That playlist appears to have been taken down. So, who knows. They say it`s all a big mix up, and Maybe it is. Maybe when Donald Trump addresses the pro-Israel lobby AIPAC on Monday, he should show a picture of this new voter he`s inspired to get involved and the conference attendees can make up their own minds about what those symbols portend.



TRUMP: I`m speaking with myself, number one, because I have a very good brain and I`ve said a lot of things. I speak to a lot of people, my primary consultant is myself and, you know, I have a good instinct for this stuff.


HAYES: The Republican front-runner finally announced his list of foreign policy advisers on Morning Joe yesterday and consists of one person: Donald J. Trump.

The question of candidate`s advisers has been a real issue on the campaign trail with Bernie Sanders being accused of lacking both foreign policy chops and a deep bench of experts, and group of 120 self-proclaimed GOP national security leaders writing an open letter to Trump proclaiming, quote, "we aren`t able to support a party ticket with Mr. Trump at its head."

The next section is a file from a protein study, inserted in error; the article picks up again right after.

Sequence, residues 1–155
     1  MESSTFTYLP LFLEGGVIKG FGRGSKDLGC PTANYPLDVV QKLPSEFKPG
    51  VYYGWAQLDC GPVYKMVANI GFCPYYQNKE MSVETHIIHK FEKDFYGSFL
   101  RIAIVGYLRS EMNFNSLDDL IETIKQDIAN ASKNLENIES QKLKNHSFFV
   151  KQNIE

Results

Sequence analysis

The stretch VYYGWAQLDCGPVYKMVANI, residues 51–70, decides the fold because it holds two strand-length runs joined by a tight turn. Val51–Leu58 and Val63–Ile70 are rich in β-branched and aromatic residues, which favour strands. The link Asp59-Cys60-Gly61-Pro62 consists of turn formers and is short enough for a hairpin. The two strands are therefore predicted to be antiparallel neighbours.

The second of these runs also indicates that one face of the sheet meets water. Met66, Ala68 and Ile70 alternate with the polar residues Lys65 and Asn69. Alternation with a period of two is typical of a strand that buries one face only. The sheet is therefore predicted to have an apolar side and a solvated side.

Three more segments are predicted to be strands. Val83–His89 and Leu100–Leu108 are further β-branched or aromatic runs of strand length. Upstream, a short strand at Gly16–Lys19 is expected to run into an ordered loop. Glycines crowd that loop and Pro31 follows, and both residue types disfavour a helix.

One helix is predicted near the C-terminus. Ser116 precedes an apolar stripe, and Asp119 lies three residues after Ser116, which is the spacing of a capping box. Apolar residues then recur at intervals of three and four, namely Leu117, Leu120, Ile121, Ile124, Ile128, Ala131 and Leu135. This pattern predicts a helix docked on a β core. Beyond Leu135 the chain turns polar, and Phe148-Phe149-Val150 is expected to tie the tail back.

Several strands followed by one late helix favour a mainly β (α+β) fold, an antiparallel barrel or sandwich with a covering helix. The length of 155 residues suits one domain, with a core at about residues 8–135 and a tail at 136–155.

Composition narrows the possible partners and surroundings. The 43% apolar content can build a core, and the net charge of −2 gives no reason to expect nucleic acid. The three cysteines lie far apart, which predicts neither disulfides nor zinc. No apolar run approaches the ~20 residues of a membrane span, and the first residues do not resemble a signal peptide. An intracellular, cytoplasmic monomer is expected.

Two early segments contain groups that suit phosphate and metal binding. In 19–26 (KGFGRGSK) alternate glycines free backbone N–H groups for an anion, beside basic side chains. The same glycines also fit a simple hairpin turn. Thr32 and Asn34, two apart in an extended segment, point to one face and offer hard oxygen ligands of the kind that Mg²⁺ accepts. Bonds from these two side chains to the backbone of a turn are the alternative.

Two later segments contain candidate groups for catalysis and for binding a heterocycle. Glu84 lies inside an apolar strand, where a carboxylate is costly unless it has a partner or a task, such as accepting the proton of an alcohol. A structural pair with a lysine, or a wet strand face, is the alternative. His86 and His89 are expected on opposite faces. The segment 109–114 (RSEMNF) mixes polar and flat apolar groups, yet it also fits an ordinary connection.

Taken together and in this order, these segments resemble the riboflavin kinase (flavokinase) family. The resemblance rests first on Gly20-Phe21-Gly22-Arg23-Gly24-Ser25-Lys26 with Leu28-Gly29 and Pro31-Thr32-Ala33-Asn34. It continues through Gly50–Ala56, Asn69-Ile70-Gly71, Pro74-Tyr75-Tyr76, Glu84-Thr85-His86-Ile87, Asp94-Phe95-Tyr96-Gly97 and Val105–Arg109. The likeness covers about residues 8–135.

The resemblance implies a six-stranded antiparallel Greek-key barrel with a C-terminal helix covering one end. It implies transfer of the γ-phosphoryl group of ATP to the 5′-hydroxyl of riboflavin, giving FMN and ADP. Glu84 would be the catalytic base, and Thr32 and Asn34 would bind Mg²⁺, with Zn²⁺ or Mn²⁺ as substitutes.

Today, Trump`s most serious remaining challenger Ted Cruz released his list of foreign policy advisers. And it`s a real rogue`s gallery of warmongers and bigots, including Elliott Abrams who pleaded guilty to keeping information from congress about his role in the Iran-Contra scandal; and Michael Ladine, another Iran-Contra figure and namesake of the so-called Ladine Doctrine -- and I`m quoting directly here -- every ten years or so the United States needs to pick up some small crappy little country and throw it against the wall just to show the world we mean business.

But by far the worse of the bunch, a guy who has no business anywhere near the corridors of power ever is anti-Muslim conspiracy theorist Frank Gaffney. The man who the Southern Poverty Law Center describes as one of America`s most notorious Islamaphobes. Gaffney believes the Obama administration and large parts of the U.S. government are fronts for the Muslim Brotherhood, accusing such figures as Supreme Court Justice Ilena Kagan, Hillary Clinton aide Huma Abedin, and Republican anti-tax fanatic Grover Norquist of promoting Sharia law.